A pox on “Ban the Box”

Oregon just became the latest state to join the “ban-the-box” cult. 

This one still ticks me off.  A lot.  Not that I live or work in Oregon.  Not that I’ve ever visited Oregon, though it looks nice in pictures.  Rather, this latest member of the feel-good club simply reminded me of the wrong direction we’re headed.  

Assume you own a business, built from long hours of hard work, lost sleep, lean times, and pride.  The job market, like today, has dozens of applicants for every job you’re opening.  You’re in fact turning applicants away for jobs.  And, as a matter of policy and principle, you don’t hire ex-cons. 

Boom!  How dare you not want to hire convicted murderers, rapists, burglars, child molesters, or embezzlers.  You are now the guilty party.  You're the one breaking the law.  Really.  And I’m not making this up.

A couple years ago, the EEOC in its quest for utopia announced that it would begin whacking employers that have a blanket policy of not hiring criminals.  The EEOC’s “guidance” on this bit of social engineering is here

Are criminals the new protected class?  Maybe, at least according to the EEOC, 18 states, Washington, D.C., and several cities that now prohibit employers from asking anything about criminal records on a job application.*  Save those questions about criminal convictions for later, after you’ve made a conditional job offer and after you’re even further down the hiring road.  Yeah, that makes sense.

“Ban the Box” – the trite name for this bizarre prohibition – is another verse from the old song that any wrongdoing is “society’s fault.”  But criminals make behavioral choices, and those choices carry consequences beyond fines and jail terms. 

Convicts can’t own firearms.  Convicts can’t vote.  Ironically, convicts can’t hold many federal jobs. . . except perhaps in Congress.  (Hmmm, go figure?)  Yet the “ban-the-box” craze would force employers into a role of social agency to see whether or not their new employee is a recidivist.  That's a risk employers should not have to take.

Sure, most employers can satisfy the EEOC’s guidelines or ban-the-box laws by jumping through hoops to assess whether their applicants’ criminal convictions should disqualify them from being hired.  But why put an employer through this process at all?  What the EEOC and other ban-the-box proponents deliberately ignore is that this make-work exercise imposes real costs, wastes time, and unreasonably interferes with an employer’s interest in running its business as it chooses.   

Employers have a right (no, a duty) to ask, at the first instance and on a job application, if the person seeking to join their business, work with fellow employees, enter customer homes, or handle company funds is a convict.  Period.  Any restriction on that gatekeeping function infringes on the business owner’s property and liberty rights.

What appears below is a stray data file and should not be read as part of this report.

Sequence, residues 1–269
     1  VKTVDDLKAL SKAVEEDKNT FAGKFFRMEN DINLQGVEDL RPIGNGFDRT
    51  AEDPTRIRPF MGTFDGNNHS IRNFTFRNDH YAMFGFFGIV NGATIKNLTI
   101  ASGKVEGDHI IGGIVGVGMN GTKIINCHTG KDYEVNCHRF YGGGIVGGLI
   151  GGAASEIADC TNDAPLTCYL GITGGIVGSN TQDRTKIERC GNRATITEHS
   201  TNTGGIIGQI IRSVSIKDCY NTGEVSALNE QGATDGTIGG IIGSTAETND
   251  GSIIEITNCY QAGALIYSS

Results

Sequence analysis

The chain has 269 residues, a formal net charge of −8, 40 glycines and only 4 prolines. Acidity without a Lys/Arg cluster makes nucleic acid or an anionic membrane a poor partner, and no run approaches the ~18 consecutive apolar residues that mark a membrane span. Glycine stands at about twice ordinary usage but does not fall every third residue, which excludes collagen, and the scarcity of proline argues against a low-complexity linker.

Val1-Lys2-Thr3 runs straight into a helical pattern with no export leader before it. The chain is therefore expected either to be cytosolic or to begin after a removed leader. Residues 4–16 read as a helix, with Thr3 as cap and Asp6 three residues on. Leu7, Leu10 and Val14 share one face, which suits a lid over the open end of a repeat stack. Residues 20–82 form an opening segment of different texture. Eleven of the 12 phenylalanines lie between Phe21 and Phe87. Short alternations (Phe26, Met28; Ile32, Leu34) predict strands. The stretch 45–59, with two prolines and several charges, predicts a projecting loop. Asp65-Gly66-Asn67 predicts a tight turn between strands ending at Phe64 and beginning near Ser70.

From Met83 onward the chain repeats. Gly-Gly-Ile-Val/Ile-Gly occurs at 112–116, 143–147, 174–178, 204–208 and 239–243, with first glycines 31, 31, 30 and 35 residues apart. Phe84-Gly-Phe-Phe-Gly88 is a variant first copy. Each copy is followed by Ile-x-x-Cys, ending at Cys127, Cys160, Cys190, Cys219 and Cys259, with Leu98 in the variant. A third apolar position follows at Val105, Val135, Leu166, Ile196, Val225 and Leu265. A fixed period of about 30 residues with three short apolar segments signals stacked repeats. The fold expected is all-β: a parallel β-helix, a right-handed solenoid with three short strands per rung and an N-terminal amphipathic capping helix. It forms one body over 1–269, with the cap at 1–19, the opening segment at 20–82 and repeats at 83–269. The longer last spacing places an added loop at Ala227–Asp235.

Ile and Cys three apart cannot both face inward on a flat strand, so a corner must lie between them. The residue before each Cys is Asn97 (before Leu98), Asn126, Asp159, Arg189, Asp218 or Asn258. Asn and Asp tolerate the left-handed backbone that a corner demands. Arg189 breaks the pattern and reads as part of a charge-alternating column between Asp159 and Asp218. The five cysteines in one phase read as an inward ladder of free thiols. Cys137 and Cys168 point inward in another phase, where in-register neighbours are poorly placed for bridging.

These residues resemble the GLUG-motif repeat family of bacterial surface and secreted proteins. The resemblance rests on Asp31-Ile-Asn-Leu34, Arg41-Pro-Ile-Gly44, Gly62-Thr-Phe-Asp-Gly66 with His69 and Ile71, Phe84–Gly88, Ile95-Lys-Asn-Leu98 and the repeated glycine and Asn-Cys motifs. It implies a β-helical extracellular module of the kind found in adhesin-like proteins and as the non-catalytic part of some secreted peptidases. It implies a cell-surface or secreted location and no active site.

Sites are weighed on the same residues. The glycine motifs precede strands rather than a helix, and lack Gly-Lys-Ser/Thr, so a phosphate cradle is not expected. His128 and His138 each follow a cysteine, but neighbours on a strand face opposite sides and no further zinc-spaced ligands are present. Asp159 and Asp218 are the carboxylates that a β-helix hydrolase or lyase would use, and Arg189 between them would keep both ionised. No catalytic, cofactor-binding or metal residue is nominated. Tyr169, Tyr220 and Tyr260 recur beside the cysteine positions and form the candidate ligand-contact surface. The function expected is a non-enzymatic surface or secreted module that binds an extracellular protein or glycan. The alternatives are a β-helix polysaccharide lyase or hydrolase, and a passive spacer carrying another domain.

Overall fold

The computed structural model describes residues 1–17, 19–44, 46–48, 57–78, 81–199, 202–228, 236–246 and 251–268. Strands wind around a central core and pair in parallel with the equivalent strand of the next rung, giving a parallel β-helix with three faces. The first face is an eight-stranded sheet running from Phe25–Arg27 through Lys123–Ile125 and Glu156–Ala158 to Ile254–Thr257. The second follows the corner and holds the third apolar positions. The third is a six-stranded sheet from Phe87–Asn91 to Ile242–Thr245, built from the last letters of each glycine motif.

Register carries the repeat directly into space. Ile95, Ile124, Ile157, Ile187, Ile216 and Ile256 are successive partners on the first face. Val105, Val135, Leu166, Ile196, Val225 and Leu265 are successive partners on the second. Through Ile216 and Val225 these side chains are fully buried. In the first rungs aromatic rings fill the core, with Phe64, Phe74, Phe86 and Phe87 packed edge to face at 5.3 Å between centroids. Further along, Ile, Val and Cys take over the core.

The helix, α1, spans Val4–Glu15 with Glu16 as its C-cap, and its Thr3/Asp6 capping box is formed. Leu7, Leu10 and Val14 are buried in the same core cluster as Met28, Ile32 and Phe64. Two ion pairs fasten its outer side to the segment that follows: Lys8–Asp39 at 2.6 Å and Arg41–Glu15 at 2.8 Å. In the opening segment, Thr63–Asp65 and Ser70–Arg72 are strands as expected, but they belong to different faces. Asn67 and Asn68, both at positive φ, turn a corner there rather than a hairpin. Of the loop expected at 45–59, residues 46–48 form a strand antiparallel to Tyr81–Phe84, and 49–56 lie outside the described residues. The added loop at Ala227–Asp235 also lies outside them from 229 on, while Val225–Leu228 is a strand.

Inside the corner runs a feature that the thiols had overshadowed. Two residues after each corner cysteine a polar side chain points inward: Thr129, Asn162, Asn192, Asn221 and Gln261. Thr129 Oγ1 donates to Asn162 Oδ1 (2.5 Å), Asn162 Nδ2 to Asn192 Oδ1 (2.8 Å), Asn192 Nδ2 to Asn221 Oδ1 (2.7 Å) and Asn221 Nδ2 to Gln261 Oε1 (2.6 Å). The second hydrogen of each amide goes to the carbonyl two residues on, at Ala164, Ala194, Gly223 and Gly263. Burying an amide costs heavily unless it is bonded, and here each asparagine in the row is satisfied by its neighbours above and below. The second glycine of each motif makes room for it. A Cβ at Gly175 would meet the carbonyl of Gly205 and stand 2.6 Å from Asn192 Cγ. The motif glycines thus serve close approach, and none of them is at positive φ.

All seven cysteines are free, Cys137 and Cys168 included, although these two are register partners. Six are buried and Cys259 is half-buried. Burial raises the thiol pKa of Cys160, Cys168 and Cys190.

And how by the way is the EEOC doing in its efforts to gag employers and tie their hands in the hiring process?  Not so good.  Courts have spanked the EEOC for its overreach in this area.  For a few examples, see the district court and Fourth Circuit’s decisions in EEOC v. Freeman Companies, as well as the Sixth Circuit’s decision in EEOC v. Peoplemark.

So what’s an employer to do in light of EEOC or state and local ban-the-box laws? It’s time to get mad.  It’s time to fight back.  It’s time to be as creative as the EEOC is in finding the proverbial bogeyman where none exists.  Howard Beale summed it up quite nicely in the movie “Network.”   

If you or your business face a complaint for your “unlawful” ban against hiring convicts or for failing to “properly” assess a convict’s potential impact on your business, consider some of the following possible defenses and tactics:

  • Argue an improper delegation of powers by the EEOC unilaterally creating criminal behavior as a new protected class if Title VII does not protect criminals, why should the EEOC second guess Congress?
  •  Assert a defense or counterclaim for unlawful taking and deprivation of liberty and property interests and due process rights, in violation of state and federal constitutions – yes, Lochner deserves a revival. 
  • Seek EAJA relief or other remedies providing for reimbursement of litigation costs & attorneys’ fees for defending against administrative and court actions.  In the Peoplemark case, above, the court affirmed an award of $750,000 for costs & fees to an employer that successfully defended a criminal background check lawsuit by the EEOC.  Now there's a tax refund for ya.
  • Send FOIA or open records requests or, if in litigation, seek discovery of the charging agency's own practices in hiring and background checks – for instance, the Sixth Circuit in EEOC v. Kaplan Higher Education Corp. expressly called out the EEOC suing an employer “for using the same type of background check that the EEOC itself uses.” What’s sauce for the goose is sauce for the gander, right?

The EEOC has given no sign of relenting in its enforcement of guidelines protecting convicts. But the silver lining so far is the courts also aren’t buying this ban-the-box silliness.  Courts instead are calling the EEOC’s disparate impact arguments underlying this prohibition “laughable” and “unreliable” – their words, not mine.

There may indeed be a pox on ban the box.  We can only hope.



* States with some flavor of ban-the-box laws include California, Colorado, Connecticut, Delaware, Georgia, Hawaii, Illinois, Maryland, Massachusetts, Minnesota, Nebraska, New Jersey, New Mexico, Ohio, Oregon, Rhode Island, Vermont, and Virginia.